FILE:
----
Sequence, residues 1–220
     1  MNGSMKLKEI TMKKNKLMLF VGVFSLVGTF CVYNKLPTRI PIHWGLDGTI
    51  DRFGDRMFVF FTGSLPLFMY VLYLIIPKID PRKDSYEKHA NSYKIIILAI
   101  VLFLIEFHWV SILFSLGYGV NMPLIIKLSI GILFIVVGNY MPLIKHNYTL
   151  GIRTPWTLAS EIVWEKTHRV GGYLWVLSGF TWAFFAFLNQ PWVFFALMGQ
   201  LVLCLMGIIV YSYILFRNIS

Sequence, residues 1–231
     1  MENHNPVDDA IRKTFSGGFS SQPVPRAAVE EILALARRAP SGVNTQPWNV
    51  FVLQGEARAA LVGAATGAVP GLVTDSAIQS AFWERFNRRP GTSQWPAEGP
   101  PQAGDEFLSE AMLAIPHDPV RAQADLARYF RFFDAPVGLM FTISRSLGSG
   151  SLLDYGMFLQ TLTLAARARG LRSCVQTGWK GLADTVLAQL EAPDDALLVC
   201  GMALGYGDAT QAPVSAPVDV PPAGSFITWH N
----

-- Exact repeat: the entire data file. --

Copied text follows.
Sequence, residues 1–220
     1  MNGSMKLKEI TMKKNKLMLF VGVFSLVGTF CVYNKLPTRI PIHWGLDGTI
    51  DRFGDRMFVF FTGSLPLFMY VLYLIIPKID PRKDSYEKHA NSYKIIILAI
   101  VLFLIEFHWV SILFSLGYGV NMPLIIKLSI GILFIVVGNY MPLIKHNYTL
   151  GIRTPWTLAS EIVWEKTHRV GGYLWVLSGF TWAFFAFLNQ PWVFFALMGQ
   201  LVLCLMGIIV YSYILFRNIS

Sequence, residues 1–231
     1  MENHNPVDDA IRKTFSGGFS SQPVPRAAVE EILALARRAP SGVNTQPWNV
    51  FVLQGEARAA LVGAATGAVP GLVTDSAIQS AFWERFNRRP GTSQWPAEGP
   101  PQAGDEFLSE AMLAIPHDPV RAQADLARYF RFFDAPVGLM FTISRSLGSG
   151  SLLDYGMFLQ TLTLAARARG LRSCVQTGWK GLADTVLAQL EAPDDALLVC
   201  GMALGYGDAT QAPVSAPVDV PPAGSFITWH N